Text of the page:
Huber Heights city manager pleads guilty to OVI charge, gets probation

Huber Heights City Manager Rick Dzik will spend the next two years on probation after he was convicted Monday of a drunken driving charge in Knox County.

Dzik, 42, pleaded guilty Monday in Mount Vernon Municipal Court to operating a vehicle while intoxicated. A second charge, a left of center traffic citation, was dismissed, according to online court records.

In addition to two years of community control sanctions, Judge John Thatcher imposed $640 in court fines and costs and sentenced Dzik to 180 days in jail with all but three days suspended for a 72-hour driver intervention program. As part of his probation, the judge ordered Dzik to attend one Alcoholics Anonymous meeting a week; to not refuse any request by a unformed law enforcement officer or Mount Vernon probation officer for a blood, breath or urine test; and to not violate any laws. His driver’s license also was suspended for one year, court records show.

Dzik, who started his job with the city in September 2023, was driving a Jeep owned by the city of Huber Heights when he was arrested around noon May 19 in the central Ohio city of Mount Vernon, where he had worked as safety service director (the equivalent of city manager) until last fall.

Dzik is on paid administrative leave amid an internal investigation. John Russell, a fire battalion chief for the Huber Heights Fire Division, is serving as interim city manager.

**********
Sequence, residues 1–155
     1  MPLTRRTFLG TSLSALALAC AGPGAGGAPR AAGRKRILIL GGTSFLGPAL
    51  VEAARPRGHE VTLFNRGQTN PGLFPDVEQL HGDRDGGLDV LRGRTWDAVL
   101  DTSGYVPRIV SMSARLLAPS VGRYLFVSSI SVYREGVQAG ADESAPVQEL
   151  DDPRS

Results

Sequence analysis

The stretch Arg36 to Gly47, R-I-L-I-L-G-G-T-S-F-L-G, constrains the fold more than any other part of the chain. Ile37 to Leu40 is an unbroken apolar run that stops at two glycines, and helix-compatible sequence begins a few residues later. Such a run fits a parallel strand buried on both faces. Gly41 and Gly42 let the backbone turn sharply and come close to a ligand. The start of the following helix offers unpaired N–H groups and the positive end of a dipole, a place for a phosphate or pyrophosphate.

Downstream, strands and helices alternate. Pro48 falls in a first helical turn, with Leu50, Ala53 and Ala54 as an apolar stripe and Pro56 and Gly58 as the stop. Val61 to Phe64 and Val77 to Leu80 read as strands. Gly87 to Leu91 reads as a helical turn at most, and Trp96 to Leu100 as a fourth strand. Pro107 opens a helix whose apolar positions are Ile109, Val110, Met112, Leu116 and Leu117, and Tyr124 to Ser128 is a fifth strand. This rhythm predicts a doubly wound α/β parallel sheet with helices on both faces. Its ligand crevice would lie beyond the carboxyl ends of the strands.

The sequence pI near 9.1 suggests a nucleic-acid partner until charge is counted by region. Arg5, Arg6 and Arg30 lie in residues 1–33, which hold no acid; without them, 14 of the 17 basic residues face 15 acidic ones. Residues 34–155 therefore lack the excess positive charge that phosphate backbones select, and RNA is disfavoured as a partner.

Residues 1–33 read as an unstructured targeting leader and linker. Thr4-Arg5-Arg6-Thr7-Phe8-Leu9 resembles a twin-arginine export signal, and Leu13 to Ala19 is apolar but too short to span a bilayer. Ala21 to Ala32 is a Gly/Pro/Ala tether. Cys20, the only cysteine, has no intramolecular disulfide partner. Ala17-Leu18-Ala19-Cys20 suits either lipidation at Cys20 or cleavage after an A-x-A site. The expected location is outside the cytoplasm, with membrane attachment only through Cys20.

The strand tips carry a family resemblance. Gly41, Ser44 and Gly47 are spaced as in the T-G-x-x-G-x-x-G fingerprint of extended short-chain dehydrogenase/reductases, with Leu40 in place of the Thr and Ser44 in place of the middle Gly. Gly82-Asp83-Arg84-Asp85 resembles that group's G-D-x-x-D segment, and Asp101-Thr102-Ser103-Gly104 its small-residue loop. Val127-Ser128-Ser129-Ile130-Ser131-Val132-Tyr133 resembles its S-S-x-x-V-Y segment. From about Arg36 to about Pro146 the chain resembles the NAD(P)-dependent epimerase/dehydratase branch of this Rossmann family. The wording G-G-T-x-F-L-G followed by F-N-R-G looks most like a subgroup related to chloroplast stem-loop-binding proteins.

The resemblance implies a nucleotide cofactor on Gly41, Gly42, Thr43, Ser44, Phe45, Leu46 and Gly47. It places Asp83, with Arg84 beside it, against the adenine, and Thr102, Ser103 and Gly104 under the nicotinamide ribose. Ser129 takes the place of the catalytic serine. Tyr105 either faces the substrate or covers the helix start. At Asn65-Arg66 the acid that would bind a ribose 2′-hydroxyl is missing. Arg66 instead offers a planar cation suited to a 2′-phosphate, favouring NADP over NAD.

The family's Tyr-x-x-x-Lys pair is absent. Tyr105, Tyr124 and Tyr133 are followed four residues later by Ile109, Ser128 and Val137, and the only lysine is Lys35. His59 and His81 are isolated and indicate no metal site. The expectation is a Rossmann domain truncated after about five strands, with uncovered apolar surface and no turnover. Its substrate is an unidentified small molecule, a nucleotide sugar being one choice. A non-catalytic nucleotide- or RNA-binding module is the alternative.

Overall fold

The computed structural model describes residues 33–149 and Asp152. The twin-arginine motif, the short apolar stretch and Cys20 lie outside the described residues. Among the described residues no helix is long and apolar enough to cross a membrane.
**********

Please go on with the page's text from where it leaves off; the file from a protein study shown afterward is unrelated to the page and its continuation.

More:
Credit: Aimee Hancock

Credit: Aimee Hancock

According to a report from the Mount Vernon Police Department, an officer spotted the gray Jeep swerve inside the lane and go on the yellow center line briefly. When the officer activated the overhead emergency light for a traffic stop, Dzik did not immediately stop, so the officer “chirped” the siren multiple times before the Jeep turned and came to a stop.

Dzik told the officer he had a couple beers, and the officer noted Dzik had glassy eyes and slow speech, the report stated.

In police body camera video, the officer said based on his training, Dzik appears to have consumed more alcohol than that, to which Dzik replied in part, “It’s been a long weekend.”

A second officer arrived to assist with the traffic stop, and Dzik agreed to field sobriety tests.

“When Dzik stepped out of the vehicle, I could smell the odor of alcohol coming from his person,” the second officer wrote in the report.

During the heel-toe walk of the sobriety test, the video showed that Dzik appeared to lose his balance at least twice. He also appeared to have trouble following instructions and maintaining balance, particularly during a one-leg stand test.

Dzik has spent years in Knox County, first as a Kenyon College student, then an employee of Knox County and the city of Mount Vernon. He served as director of Knox County 9-1-1, and most recently as safety service director.

Mount Vernon Municipal Court records show Dzik received seven tickets for traffic violations, mostly for speeding, between 2002 and 2013.

About the Authors